Towards clarification of the biological role of microcystins, a family of cyanobacterial toxins

Daniella Schatz, Yael Keren, Assaf Vardi, Assaf Sukenik, Shmuel Carmeli, Thomas Börner, Elke Dittmann, Aaron Kaplan*

*Corresponding author for this work

Research output: Contribution to journalArticlepeer-review


Microcystins constitute a serious threat to the quality of drinking water worldwide. These protein phosphatase inhibitors are formed by various cyanobacterial species, including Microcystis sp. Microcystins are produced by a complex microcystin synthetase, composed of peptide synthetases and polyketide synthases, encoded by the mcyA-J gene cluster. Recent phylogenetic analysis suggested that the microcystin synthetase predated the metazoan lineage, thus dismissing the possibility that microcystins emerged as a means of defence against grazing, and their original biological role is not clear. We show that lysis of Microcystis cells, either mechanically or because of various stress conditions, induced massive accumulation of McyB and enhanced the production of microcystins in the remaining Microcystis cells. A rise in McyB content was also observed following exposure to microcystin or the protease inhibitors micropeptin and microginin, also produced by Microcystis. The extent of the stimulation by cell extract was strongly affected by the age of the treated Microcystis culture. Older cultures, or those recently diluted from stock cultures, hardly responded to the components in the cell extract. We propose that lysis of a fraction of the Microcystis population is sensed by the rest of the cells because of the release of non-ribosomal peptides. The remaining cells respond by raising their ability to produce microcystins thereby enhancing their fitness in their ecological niche, because of their toxicity.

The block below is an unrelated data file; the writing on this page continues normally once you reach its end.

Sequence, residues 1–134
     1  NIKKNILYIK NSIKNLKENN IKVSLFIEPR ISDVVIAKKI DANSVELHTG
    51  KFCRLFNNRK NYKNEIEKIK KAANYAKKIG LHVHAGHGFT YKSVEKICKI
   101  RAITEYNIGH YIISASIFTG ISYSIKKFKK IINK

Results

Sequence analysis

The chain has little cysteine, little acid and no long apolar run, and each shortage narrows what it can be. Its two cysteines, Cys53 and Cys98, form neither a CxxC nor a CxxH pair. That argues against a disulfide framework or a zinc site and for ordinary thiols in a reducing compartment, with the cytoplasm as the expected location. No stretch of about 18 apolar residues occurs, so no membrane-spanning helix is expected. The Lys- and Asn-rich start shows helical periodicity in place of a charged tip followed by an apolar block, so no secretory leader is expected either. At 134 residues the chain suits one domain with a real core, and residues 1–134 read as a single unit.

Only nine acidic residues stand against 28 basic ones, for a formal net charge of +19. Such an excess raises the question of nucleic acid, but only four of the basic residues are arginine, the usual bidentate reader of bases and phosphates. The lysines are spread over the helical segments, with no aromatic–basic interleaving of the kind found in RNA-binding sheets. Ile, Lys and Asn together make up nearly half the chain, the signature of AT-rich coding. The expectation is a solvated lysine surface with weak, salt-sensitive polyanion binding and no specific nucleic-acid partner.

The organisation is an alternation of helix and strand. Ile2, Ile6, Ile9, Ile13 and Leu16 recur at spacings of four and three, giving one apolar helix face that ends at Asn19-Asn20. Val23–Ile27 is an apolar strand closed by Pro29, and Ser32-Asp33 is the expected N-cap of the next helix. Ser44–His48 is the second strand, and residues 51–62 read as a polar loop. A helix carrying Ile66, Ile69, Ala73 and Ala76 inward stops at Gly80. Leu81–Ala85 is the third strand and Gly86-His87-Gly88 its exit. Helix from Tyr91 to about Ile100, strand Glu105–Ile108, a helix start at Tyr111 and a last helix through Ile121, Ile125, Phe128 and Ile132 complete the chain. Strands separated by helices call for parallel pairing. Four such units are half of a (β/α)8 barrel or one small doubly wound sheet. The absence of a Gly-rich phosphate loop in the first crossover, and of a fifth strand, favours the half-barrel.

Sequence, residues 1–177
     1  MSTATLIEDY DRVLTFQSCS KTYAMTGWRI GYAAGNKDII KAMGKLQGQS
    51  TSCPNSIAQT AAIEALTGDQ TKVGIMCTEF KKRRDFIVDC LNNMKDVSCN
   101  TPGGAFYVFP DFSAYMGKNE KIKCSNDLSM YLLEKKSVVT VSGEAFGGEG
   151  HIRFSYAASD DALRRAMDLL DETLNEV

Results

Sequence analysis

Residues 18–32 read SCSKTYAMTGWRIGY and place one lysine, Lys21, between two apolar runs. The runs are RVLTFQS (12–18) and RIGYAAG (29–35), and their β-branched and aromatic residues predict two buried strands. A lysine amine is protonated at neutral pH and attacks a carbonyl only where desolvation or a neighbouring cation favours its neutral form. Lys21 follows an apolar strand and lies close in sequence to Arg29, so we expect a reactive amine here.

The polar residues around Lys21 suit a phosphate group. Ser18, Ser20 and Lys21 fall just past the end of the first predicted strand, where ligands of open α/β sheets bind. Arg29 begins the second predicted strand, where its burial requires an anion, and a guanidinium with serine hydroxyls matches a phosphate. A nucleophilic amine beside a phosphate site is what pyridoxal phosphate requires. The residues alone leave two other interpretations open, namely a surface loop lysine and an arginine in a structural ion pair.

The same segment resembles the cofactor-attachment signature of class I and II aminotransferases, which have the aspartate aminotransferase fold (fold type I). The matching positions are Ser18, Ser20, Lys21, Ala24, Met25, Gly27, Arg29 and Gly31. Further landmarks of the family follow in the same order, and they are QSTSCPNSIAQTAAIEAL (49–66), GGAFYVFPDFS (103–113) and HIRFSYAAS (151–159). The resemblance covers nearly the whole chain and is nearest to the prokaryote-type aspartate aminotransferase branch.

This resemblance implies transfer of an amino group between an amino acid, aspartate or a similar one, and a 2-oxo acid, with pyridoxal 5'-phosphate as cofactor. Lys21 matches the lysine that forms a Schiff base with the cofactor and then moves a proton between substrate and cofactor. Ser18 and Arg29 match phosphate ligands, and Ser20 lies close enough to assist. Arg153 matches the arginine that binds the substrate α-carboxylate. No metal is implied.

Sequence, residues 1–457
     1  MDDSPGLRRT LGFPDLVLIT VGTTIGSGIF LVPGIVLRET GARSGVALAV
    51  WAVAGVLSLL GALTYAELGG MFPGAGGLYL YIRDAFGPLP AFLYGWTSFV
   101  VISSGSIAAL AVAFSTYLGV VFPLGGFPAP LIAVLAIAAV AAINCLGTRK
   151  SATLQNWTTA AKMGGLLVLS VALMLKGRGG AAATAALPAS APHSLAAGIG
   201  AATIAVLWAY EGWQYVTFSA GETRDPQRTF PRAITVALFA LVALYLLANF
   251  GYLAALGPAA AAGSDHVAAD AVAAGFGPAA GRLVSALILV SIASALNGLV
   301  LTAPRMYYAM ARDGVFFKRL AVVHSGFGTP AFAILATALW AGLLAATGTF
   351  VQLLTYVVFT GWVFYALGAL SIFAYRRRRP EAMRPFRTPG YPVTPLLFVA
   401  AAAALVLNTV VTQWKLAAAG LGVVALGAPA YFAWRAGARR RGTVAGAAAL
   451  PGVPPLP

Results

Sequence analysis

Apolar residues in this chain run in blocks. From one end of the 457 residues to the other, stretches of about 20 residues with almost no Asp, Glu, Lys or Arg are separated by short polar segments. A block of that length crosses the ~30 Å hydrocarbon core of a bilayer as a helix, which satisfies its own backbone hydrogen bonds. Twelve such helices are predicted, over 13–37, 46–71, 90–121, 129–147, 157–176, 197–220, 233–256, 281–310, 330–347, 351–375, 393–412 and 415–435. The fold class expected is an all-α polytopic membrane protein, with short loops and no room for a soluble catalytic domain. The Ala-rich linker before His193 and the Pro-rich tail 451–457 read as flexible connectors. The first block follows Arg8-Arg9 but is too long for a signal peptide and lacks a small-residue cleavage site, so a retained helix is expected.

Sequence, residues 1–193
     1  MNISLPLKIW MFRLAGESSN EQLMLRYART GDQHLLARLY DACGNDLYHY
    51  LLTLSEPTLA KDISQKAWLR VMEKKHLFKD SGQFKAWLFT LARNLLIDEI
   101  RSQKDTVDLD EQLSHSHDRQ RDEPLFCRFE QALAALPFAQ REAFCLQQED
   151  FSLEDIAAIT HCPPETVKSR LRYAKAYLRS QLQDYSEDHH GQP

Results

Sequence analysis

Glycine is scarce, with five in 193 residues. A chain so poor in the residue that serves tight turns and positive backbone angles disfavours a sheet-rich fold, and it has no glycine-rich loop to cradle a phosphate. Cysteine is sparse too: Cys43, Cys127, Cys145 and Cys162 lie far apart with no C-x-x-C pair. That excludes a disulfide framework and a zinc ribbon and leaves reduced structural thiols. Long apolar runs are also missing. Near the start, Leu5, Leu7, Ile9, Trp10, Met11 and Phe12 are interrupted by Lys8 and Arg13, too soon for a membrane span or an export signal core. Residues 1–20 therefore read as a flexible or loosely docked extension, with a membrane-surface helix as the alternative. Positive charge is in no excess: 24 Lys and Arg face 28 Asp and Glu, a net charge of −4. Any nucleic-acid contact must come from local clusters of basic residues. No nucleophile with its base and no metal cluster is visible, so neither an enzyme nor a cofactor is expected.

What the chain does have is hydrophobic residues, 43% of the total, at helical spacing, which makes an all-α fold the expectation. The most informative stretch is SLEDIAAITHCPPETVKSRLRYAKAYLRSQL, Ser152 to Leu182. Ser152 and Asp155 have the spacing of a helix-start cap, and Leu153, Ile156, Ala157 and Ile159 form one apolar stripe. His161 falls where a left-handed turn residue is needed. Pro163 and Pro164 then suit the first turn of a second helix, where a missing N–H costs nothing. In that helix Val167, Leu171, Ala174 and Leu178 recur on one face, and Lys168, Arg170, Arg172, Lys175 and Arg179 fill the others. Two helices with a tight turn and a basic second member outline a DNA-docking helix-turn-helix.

Original languageEnglish
Pages (from-to)965-970
Number of pages6
JournalEnvironmental Microbiology
Issue number4
StatePublished - Apr 2007


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